Much of what we do know comes from an Urban Institute survey that studied working-age adults in the fall of 2006, which was before the plan's implementation, and then surveyed them again in the fall of 2007, a year after the plan came into effect. Over that time period, the uninsured rate for working-age adults dropped by about half, to 7.1 percent. The uninsurance rate for adults with incomes below 300 percent of the poverty line dropped by 11 percent. And this study tracked the period before the individual mandate really went into effect, at which point the program saw its largest surge in enrollment. The best estimates now suggest the uninsured rate is somewhere between 5 percent and 7 percent.
Covering this many adults has cost a fair amount of money, and the Massachusetts plan is coming in at about $150 million over budget. The reason? There are more uninsured people in Massachusetts than experts originally thought, and the response has been more enthusiastic than expected. Some of the plan's opponents have used this to blast the plan as a typical case of inefficient government. "They make it sound like the Big Dig," complains Jon Gruber, an MIT economist heavily involved in the plan's creation. "It's not. We're covering the uninsured and it turns out there's a lot of the uninsured. If you were doing the Big Dig and it turned out the tunnel was six times as long, you wouldn't be surprised it cost six times as much."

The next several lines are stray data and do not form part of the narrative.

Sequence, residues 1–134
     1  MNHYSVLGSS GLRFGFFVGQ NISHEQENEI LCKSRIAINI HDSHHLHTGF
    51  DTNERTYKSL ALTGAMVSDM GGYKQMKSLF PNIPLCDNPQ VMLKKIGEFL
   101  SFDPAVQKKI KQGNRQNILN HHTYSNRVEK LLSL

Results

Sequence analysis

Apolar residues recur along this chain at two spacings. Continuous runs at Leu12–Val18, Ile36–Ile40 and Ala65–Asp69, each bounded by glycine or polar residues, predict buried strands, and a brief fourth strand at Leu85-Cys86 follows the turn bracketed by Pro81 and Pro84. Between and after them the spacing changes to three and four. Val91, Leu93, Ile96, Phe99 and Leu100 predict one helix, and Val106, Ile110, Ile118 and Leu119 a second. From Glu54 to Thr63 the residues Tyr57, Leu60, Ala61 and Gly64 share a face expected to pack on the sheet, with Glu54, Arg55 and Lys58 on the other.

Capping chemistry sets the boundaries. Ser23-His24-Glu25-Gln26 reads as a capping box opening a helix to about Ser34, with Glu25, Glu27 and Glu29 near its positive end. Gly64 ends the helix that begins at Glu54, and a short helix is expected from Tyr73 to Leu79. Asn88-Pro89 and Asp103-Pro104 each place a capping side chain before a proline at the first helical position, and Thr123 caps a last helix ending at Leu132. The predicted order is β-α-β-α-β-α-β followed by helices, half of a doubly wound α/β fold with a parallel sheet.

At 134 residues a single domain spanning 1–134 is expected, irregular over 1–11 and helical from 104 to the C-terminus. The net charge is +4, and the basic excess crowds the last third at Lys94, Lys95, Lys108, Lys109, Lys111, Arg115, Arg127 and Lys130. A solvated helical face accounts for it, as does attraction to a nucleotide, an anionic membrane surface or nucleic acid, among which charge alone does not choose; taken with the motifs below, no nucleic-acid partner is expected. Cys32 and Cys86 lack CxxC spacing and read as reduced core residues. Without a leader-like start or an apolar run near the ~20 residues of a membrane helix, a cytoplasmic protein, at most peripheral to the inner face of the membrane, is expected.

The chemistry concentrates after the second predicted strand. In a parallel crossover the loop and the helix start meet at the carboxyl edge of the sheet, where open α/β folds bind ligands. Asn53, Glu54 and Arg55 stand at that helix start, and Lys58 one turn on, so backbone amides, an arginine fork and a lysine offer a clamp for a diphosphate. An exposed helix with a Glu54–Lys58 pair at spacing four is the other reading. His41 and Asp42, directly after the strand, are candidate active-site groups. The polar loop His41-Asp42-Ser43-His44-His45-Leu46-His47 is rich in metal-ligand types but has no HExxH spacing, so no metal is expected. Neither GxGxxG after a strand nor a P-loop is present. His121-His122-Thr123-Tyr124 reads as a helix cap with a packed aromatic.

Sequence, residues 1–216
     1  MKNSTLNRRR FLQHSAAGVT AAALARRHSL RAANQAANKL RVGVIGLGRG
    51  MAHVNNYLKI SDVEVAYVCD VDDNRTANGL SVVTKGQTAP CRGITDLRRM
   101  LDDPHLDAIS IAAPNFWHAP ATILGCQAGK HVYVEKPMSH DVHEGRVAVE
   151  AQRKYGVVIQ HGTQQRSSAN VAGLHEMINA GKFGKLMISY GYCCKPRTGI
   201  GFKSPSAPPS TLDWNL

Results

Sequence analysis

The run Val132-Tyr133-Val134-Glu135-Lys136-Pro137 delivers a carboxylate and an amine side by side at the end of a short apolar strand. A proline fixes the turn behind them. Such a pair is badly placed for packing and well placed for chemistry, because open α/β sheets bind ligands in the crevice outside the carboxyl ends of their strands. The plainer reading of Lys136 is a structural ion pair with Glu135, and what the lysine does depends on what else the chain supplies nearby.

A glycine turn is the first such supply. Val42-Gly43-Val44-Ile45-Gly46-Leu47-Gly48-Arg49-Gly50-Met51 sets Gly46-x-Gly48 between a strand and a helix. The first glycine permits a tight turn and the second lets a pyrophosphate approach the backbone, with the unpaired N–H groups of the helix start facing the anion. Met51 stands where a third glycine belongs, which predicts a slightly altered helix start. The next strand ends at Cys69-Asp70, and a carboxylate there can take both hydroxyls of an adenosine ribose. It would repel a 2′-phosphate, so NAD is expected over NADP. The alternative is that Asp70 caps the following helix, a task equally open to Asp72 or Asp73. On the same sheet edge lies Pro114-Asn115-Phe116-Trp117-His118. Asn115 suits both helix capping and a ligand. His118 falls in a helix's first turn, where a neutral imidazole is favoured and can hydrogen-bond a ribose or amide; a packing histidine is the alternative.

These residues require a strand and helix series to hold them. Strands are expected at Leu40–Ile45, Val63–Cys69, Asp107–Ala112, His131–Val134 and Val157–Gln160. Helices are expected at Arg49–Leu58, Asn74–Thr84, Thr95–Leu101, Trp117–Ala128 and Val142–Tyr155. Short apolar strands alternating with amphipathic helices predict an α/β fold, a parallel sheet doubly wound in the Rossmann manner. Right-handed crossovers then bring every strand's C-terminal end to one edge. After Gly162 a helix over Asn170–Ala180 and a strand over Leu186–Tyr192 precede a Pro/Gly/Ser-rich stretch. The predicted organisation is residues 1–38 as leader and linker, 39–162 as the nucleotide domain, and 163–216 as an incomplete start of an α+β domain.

Insofar as the plan's point was to cover the uninsured, covering more of the uninsured may be pricey, but it's not a failure. It's an expensive success. A more relevant measure of the plan's efficiency is costs per enrollee, which have been lower than expected. Cost per enrollee came in under budget in 2007, by about $2 a month. In other words, the program is operating a bit more efficiently then expected, but covering more people than anticipated.
As for the individual mandate, there's very little data, because it didn't kick in till this year. Essentially, there are two questions with the mandate: Is it feasible (can the state gather the information for enforcement?), and is it sustainable (what's the political fallout when the mandate comes into effect?).
Here's what we do know: The underlying mechanism has proven extremely successful. The mandate is enforced through the tax code: All residents of Massachusetts have to report their insurance status, including proof of coverage, on their tax forms. Last year 98.4 percent of the state complied. That clears up the first question: The mandate's underlying mechanism actually works. People will report their coverage status, which means you can figure out who does and does not have insurance, and act accordingly. Next comes implementation: Does the mandate enrage those exposed to it? Does it compel them to purchase insurance? Some of both? We should know the answer in about a year.